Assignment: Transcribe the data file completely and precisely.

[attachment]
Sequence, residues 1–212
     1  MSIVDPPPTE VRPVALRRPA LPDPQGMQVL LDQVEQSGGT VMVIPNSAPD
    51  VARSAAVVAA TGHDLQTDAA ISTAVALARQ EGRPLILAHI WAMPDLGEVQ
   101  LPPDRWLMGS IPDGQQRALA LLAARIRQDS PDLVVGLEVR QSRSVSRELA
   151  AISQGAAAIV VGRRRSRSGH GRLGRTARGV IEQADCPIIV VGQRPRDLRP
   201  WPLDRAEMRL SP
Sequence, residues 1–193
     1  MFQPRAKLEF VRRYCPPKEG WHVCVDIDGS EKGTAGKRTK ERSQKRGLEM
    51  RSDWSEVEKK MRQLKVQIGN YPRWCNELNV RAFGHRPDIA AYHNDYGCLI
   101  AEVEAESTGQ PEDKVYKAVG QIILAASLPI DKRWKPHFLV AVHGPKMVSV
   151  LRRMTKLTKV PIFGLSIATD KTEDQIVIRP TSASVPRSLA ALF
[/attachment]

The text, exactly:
Sequence, residues 1–212
     1  MSIVDPPPTE VRPVALRRPA LPDPQGMQVL LDQVEQSGGT VMVIPNSAPD
    51  VARSAAVVAA TGHDLQTDAA ISTAVALARQ EGRPLILAHI WAMPDLGEVQ
   101  LPPDRWLMGS IPDGQQRALA LLAARIRQDS PDLVVGLEVR QSRSVSRELA
   151  AISQGAAAIV VGRRRSRSGH GRLGRTARGV IEQADCPIIV VGQRPRDLRP
   201  WPLDRAEMRL SP
Sequence, residues 1–193
     1  MFQPRAKLEF VRRYCPPKEG WHVCVDIDGS EKGTAGKRTK ERSQKRGLEM
    51  RSDWSEVEKK MRQLKVQIGN YPRWCNELNV RAFGHRPDIA AYHNDYGCLI
   101  AEVEAESTGQ PEDKVYKAVG QIILAASLPI DKRWKPHFLV AVHGPKMVSV
   151  LRRMTKLTKV PIFGLSIATD KTEDQIVIRP TSASVPRSLA ALF